Pre-plant fumigation is probably the most effective tactic to reduce field population levels of lesion nematodes to below economic damage thresholds. Fumigants are usually applied by being chiseled below ground behind a tractor. The use of any chemical nematicide is dependent upon whether the nematicide is labeled for management of lesion nematodes in that crop, and if the predicted economic return on investment warrants the use of a nematicide. The multi-purpose fumigants (i.e. methyl bromide and mixtures with chlorpicrin) are rarely used specifically for lesion nematode control, although metham-sodium does provide good lesion nematode control in some cases. 1,3-dichloropropene (Telone II) is an effective and specific pre-plant soil fumigant for nematodes. Nonfumigant nematicides can also be applied pre-plant or at planting, but their efficacy may not rival that of the fumigants (Figure 19).
Since many weeds are hosts for lesion nematodes, poor weed control will increase lesion nematode field populations and, most likely, increase crop damage. Destruction and removal of infested perennial crops, followed by soil fumigation, are drastic, but effective tactics to reduce subsequent lesion nematode-related damage. Nonfumigant nematicides represent the best tactic for remedial reduction of lesion nematode populations to reduce crop damage. Depending upon the nematicide label and crop, some of the nonfumigants include aldicarb (Temik), oxamyl (Vydate), fenamiphos (Nemacur), and carbofuran (Furadan). Some of these compounds offer systemic protection, and all are potent neurotoxins. The cost-effectiveness of nonfumigant nematicides is very dependent upon the crop, population level of nematodes, and environmental conditions. All nematicides are extremely toxic, especially the nonfumigants like Temik and Nemacur that are nerve poisons. Nematicides should only be applied by licensed applicators.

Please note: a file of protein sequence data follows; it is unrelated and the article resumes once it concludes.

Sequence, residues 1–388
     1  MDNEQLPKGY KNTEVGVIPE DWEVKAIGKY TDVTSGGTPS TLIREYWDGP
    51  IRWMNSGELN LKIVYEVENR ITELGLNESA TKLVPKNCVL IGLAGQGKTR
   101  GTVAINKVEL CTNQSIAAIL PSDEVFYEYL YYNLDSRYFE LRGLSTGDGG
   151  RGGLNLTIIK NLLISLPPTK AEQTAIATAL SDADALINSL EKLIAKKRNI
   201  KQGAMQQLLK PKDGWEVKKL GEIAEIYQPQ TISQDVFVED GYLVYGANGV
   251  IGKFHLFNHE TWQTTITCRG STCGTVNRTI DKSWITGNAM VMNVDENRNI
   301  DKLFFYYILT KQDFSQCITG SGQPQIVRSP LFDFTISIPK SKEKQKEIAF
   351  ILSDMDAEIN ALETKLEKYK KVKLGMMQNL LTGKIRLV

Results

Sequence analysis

The first lesion nematode was isolated from a meadow and described as Tylenchus pratensis (Pratylenchus pratensis) by de Man in 1880. Several other lesion nematode species were described prior to the designation of the genus Pratylenchus by Filipjev in 1936. Most notable of these was the description of P. coffeae in 1898 (Zimmerman), a devastating pathogen of coffee (Figure 20), banana, citrus, and a number of fruit trees. Lesion nematodes were used by W. B. Mountain in the 1950's to first demonstrate conclusively that nematodes were pathogens of plants. He reared these migratory endoparasites in plant roots under aseptic conditions and observed the production of root lesions by the nematodes.
At present, more than 70 species of Pratylenchus have been described, with a combined host (plant) range of greater than 400 crop plant species. The lesion nematodes rank third behind root-knot and cyst nematodes as the nematodes of greatest economic impact in crops worldwide. This is not only due to their wide host range, but their distribution in almost every temperate and tropical environment. Crops of primary economic importance that are attacked by lesion nematodes include potato, coffee, banana, rice, corn, peanut, forage legumes, and many fruits.